President Joe Biden, with former President Barack Obama at his side, signed an Executive Order to expand access to the Affordable Care Act, which he said was fittingly dubbed “Obamacare”, fix the “family glitch” and lower health care costs for one million Americans. Recalling the difficulty of passing Obamacare, Biden remarked on Obama’s unwavering commitment toward the goal of universal health care, where a medical emergency wouldn’t bankrupt a family and people did not live with the insecurity of being denied coverage. Obama reflecting on the strong opposition from Republicans – who have attempted to repeal the ACA more than 70 times, and only last week, vowed to repeal it when they regain control of Congress – said that compromises had to be made in order to achieve what presidents had failed to do for 100 years in providing access to health care. As Biden said, it was the most consequential legislation since Medicare of 1965. Obama said it was always recognized that the law would need to be improved. That’s what Biden did today.
From day one of his presidency, Biden has worked to expand access to health care, and now, some 30 million have health insurance coverage because of Obamacare, while 100 million Americans with pre-existing conditions are assured of having health insurance (a number that will be vastly expanded with over 75 million having contracted COVID-19 and millions suffering effects of Long-COVID), children can stay on their parents’ plan until age 26, and there are no longer lifetime caps on coverage. Here’s a Fact Sheet from the White House on how Biden-Harris Administration proposes to fix the “family glitch” and lower health care costs – the most significant administrative action to improve implementation of Obamacare since its enactment 12 years ago. “The ACA is stronger now than it has ever been and today we are strengthening it further,” Biden declared.
President Biden and Vice President Harris believe that health care is a right, not a privilege. They promised to protect and build on the Affordable Care Act (ACA), lowering costs and expanding coverage so that every American has the peace of mind that health insurance brings.
The Biden-Harris Administration continues to deliver on that promise. Thanks to the landmark American Rescue Plan, ACA premiums are at an all-time low, while enrollment is at an all-time high. Four out of five Americans can find quality coverage for under $10 a month, and families are saving an average of $2,400 on their annual premiums—$200 in savings every month back to families. The Administration has lowered costs and increased enrollment to a record high of 14.5 million Americans—including nearly 6 million who newly gained coverage. With the addition of Missouri and Oklahoma, two states that expanded Medicaid last year, nearly 19 million low-income Americans are enrolled in the ACA’s Medicaid expansion coverage, adding up to a record nearly 80 million children, pregnant women, seniors, people with disabilities, and other low-income Americans covered by Medicaid.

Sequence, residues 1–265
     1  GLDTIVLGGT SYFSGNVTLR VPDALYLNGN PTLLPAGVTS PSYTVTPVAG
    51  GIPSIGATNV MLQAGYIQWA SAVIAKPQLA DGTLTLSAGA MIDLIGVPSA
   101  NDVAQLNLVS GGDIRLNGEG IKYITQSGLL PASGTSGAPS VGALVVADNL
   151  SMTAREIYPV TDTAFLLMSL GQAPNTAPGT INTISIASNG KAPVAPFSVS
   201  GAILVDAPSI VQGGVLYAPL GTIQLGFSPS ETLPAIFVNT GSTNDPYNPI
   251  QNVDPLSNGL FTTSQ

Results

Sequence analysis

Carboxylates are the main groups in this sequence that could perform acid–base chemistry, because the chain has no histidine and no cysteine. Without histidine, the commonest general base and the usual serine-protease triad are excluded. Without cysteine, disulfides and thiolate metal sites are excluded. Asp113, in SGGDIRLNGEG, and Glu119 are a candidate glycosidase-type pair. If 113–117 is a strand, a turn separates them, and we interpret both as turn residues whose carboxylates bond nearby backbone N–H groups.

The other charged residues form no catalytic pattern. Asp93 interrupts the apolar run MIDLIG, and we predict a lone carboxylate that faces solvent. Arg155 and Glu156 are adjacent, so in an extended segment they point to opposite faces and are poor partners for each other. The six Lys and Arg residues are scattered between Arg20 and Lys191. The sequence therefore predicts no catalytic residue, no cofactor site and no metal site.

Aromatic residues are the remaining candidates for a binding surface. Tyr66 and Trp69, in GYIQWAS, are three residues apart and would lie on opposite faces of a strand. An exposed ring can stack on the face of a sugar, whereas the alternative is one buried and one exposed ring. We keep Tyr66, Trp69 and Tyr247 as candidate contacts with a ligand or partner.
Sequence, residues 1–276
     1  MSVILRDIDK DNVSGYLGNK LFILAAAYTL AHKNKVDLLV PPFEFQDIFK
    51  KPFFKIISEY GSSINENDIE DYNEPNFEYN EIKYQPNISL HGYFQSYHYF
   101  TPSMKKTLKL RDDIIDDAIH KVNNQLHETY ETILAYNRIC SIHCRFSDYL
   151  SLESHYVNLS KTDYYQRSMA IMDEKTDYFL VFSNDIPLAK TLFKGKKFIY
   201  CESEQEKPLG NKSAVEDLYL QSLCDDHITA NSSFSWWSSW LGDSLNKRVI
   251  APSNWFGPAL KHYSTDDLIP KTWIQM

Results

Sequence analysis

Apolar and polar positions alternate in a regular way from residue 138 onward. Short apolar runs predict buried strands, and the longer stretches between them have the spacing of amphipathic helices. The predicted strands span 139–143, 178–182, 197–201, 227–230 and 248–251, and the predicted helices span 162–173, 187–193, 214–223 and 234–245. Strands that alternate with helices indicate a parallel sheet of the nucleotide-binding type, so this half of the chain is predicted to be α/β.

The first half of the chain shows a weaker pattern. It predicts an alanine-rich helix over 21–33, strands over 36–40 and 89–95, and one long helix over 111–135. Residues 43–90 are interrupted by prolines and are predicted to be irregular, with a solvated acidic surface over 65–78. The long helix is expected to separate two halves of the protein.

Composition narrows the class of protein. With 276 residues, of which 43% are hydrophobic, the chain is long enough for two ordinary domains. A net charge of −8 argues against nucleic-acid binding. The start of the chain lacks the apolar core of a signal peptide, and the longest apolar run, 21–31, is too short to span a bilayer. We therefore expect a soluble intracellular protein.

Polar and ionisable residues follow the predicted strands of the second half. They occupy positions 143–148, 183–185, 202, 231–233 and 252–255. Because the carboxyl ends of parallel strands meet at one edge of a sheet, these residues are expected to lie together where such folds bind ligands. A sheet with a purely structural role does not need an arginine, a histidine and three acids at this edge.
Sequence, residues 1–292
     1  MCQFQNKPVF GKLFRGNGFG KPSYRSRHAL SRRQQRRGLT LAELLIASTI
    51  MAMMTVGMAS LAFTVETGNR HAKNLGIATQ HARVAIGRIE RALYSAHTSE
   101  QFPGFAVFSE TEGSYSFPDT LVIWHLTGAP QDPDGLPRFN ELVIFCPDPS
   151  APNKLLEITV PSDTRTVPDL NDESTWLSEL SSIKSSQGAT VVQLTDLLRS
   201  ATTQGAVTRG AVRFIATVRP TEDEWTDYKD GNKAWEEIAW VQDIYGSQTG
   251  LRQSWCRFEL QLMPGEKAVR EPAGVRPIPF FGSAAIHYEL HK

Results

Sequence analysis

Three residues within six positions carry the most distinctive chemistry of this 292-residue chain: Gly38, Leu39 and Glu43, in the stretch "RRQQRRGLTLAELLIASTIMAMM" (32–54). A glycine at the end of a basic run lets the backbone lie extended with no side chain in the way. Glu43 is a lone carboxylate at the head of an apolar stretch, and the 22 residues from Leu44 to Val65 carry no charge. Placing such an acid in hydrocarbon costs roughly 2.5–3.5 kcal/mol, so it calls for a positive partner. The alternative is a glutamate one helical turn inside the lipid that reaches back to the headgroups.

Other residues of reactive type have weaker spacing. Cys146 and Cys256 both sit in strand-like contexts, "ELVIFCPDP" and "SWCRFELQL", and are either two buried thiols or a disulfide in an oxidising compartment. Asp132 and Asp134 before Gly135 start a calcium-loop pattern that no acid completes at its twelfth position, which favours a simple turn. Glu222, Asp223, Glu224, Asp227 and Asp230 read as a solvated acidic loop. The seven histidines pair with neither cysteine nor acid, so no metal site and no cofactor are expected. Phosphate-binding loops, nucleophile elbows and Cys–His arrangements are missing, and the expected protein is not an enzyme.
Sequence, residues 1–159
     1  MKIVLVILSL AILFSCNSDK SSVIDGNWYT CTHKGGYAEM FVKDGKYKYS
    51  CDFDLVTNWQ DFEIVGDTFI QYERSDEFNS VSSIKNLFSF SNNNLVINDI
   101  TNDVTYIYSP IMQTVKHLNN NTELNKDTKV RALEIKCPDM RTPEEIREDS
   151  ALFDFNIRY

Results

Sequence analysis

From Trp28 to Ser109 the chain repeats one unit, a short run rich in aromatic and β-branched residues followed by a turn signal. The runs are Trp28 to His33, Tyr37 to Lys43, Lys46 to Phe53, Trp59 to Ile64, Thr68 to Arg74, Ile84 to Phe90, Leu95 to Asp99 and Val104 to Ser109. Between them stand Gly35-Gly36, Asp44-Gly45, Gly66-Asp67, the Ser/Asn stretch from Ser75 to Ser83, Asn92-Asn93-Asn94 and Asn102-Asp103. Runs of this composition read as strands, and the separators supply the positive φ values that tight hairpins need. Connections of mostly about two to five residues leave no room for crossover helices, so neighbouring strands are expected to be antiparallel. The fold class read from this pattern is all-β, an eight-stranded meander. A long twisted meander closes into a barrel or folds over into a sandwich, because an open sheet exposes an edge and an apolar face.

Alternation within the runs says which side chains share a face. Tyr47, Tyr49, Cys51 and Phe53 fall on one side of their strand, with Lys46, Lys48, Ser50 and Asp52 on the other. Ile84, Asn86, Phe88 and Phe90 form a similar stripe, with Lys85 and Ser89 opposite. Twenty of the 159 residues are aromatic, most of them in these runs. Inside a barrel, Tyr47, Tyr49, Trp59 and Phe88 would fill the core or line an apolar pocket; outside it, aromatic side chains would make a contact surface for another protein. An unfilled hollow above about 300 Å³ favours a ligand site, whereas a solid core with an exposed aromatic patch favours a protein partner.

PROPOSING TO FIX THE “FAMILY GLITCH”
Today, the Biden-Harris Administration is proposing a rule to strengthen the ACA by fixing the “family glitch,” which would save hundreds of thousands of families hundreds of dollars a month.
Under the ACA, people who do not have access to “affordable” health insurance through their jobs may qualify for a premium tax credit to purchase affordable, high-quality coverage on the ACA’s health insurance marketplaces. Current regulations define employer-based health insurance as “affordable” if the coverage solely for the employee, and not for family members, is affordable, making family members ineligible for a premium tax credit even though they need it to afford high-quality coverage through the Marketplace. For family members of an employee offered health coverage through an employer, the cost of that family coverage can sometimes be very expensive and make health insurance out of reach. The “family glitch” affects about 5 million people and has made it impossible for many families to use the premium tax credit to purchase an affordable, high-quality Marketplace plan.
The Treasury Department and the Internal Revenue Service are proposing to eliminate the “family glitch.” Should today’s proposed rule be finalized, family members of workers who are offered affordable self-only coverage but unaffordable family coverage may qualify for premium tax credits to buy ACA coverage. Should the proposed change be made, it’s estimated that 200,000 uninsured people would gain coverage, and nearly 1 million Americans would see their coverage become more affordable. Many families would be able to save hundreds of dollars a month thanks to lower premiums. This proposed rule would amount to the most significant administrative action to improve implementation of the ACA since its enactment.
EXECUTIVE ORDER CONTINUING TO STRENGTHEN AMERICANS’ ACCESS TO AFFORDABLE, QUALITY HEALTH COVERAGE